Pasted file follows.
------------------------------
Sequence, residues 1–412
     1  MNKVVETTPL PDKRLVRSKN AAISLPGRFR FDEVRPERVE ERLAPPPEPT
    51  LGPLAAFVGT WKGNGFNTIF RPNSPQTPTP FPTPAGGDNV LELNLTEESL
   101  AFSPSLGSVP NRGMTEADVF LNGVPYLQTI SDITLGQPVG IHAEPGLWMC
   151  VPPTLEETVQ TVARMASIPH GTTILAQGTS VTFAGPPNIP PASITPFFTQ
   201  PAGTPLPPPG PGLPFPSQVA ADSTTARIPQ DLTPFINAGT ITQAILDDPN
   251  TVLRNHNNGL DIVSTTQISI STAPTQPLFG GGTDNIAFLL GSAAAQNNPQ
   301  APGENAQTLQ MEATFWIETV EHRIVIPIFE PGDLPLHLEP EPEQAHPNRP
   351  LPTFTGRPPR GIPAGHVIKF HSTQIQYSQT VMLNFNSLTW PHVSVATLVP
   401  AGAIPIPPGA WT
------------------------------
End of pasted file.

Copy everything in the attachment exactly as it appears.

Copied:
Sequence, residues 1–412
     1  MNKVVETTPL PDKRLVRSKN AAISLPGRFR FDEVRPERVE ERLAPPPEPT
    51  LGPLAAFVGT WKGNGFNTIF RPNSPQTPTP FPTPAGGDNV LELNLTEESL
   101  AFSPSLGSVP NRGMTEADVF LNGVPYLQTI SDITLGQPVG IHAEPGLWMC
   151  VPPTLEETVQ TVARMASIPH GTTILAQGTS VTFAGPPNIP PASITPFFTQ
   201  PAGTPLPPPG PGLPFPSQVA ADSTTARIPQ DLTPFINAGT ITQAILDDPN
   251  TVLRNHNNGL DIVSTTQISI STAPTQPLFG GGTDNIAFLL GSAAAQNNPQ
   301  APGENAQTLQ MEATFWIETV EHRIVIPIFE PGDLPLHLEP EPEQAHPNRP
   351  LPTFTGRPPR GIPAGHVIKF HSTQIQYSQT VMLNFNSLTW PHVSVATLVP
   401  AGAIPIPPGA WT